Thursday, March 18, 2021

Film Shows the Installation and Building of Tallest Ever North American Port Container Cranes

Time Lapse Video Gives a Sense of Scale
Shipping News Feature

US – CHINA – Anyone who has never witnessed the discharge at quayside of one of the huge, new generation port cranes may glean some idea of the scale from a new time lapse video shot at the Port of Oakland when it recently took delivery of three of the gigantic machines.

All around the globe the sight of the specially built vessels of the Shanghai Zhenhua Heavy Industries Company (ZPMC) have become a familiar sight as they deliver the units built especially to fulfil the needs of modern container ports.

Stevedoring Services of America (SSA) operates Oakland International Container Terminal (OICT). SSA ordered the cranes from ZPMC, which when part built were sent by sea directly to Oakland where the cranes have been assembled on the wharf over the last two months. Port of Oakland Maritime Director Bryan Brandes, commented:

“These new cranes at Oakland are going to make a significant difference in the ability to handle cargo more efficiently. Oakland international Container Terminal is the largest marine terminal at our port; and now it’s home to the tallest cranes that can receive the biggest ships calling at North America."

The first part of the video shows the arrival of the cranes and the workers assembling a customised ramp to roll the cranes off the ship. Then you see the builders up high, in tall construction cranes to reach work areas. Acrophobia is strictly off the menu for anyone involved in such a project!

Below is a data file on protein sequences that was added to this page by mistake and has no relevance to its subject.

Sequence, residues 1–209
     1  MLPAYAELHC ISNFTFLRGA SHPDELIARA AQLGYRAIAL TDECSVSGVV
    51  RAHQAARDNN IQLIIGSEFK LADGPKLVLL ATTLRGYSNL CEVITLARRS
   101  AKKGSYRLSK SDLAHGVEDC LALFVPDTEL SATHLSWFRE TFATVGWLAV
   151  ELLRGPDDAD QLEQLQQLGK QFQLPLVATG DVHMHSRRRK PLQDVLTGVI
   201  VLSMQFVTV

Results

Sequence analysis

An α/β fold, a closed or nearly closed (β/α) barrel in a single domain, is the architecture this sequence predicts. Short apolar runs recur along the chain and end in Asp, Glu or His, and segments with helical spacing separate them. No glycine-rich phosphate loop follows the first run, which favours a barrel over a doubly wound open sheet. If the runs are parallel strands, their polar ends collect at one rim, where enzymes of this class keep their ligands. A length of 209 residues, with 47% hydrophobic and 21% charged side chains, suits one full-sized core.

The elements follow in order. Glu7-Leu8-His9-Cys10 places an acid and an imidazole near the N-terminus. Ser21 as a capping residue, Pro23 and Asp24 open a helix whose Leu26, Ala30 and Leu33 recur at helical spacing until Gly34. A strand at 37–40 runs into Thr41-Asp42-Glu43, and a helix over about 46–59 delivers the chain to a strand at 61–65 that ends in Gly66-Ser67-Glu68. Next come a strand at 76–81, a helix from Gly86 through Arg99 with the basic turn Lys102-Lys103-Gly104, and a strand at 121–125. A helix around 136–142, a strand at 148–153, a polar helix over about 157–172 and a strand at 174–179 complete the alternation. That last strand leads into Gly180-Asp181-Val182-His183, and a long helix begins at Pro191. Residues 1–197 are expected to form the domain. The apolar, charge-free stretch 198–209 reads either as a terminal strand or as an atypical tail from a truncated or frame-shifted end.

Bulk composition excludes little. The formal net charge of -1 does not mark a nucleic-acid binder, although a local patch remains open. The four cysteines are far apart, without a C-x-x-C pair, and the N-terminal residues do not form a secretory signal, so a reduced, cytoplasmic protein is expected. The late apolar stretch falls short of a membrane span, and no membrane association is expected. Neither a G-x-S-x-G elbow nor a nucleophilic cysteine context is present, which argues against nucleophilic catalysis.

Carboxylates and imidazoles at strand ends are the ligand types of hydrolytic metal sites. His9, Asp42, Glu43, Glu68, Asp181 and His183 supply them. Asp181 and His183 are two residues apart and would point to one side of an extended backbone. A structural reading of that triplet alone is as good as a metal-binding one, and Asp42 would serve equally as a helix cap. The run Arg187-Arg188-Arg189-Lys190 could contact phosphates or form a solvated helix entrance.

One of the most dramatic parts of the video features the raising of a crane’s mechanical housing. It takes weeks to build each crane and the third one was completed last week. The next phase is testing the cranes and then commissioning them for work. The first of three cranes may be going into service as soon as late March or early April.

To discharge from the ship, rail tracks have to be laid with the vessel specially designed to have the ability to adjust according to variation in tide heights in what is naturally a slow process. Longshore workers were employed to roll the cranes off the vessel when they first arrived at Oakland. It took electrical, mechanical and structural engineers as well as iron workers and construction crane operators to ‘build’ the cranes on site, a very complex process involving multiple trades.

Next steps are testing and commissioning of the cranes. Testing includes electrical diagnostics and structural inspections. Endurance testing is required and that means checking things like the crane motors and crane hoisting equipment to ensure that they operate the way they are designed to function, when running at full speed. OSHA also has to inspect the equipment before the cranes can be put into service. Each crane weighs approximately 1600 tonnes and all Port of Oakland container cranes are powered by electricity, so there are zero local emissions from routine crane operations.

The lift height of the new ship-to-shore (STS) cranes above the dock is 174 feet. The lift height allows for greater flexibility when discharging and loading containers. Container stacks on a vessel are similar to a giant puzzle. One has to find the right container to pull it off the ship and that means moving ‘pieces of the puzzle’ around on the vessel.

The taller cranes offer more flexibility to move the containers on and off a ship. The boom is the long arm of the crane that lowers to reach out horizontally across the width of a vessel. The boom in the maintenance position is nearly vertical at 442 feet high. The boom in its stowage position, at a 45-degree angle, is 372 feet high.

Watch the time lapse video ‘Building Giant Cranes HERE.